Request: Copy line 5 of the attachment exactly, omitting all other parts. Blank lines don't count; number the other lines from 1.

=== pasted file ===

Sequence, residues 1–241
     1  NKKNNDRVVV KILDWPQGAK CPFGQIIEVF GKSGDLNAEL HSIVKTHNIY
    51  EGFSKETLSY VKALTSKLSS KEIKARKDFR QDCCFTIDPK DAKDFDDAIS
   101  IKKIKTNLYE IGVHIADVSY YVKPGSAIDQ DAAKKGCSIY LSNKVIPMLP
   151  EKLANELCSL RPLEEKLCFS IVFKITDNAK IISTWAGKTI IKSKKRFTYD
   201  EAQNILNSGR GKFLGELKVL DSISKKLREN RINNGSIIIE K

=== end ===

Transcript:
   151  EKLANELCSL RPLEEKLCFS IVFKITDNAK IISTWAGKTI IKSKKRFTYD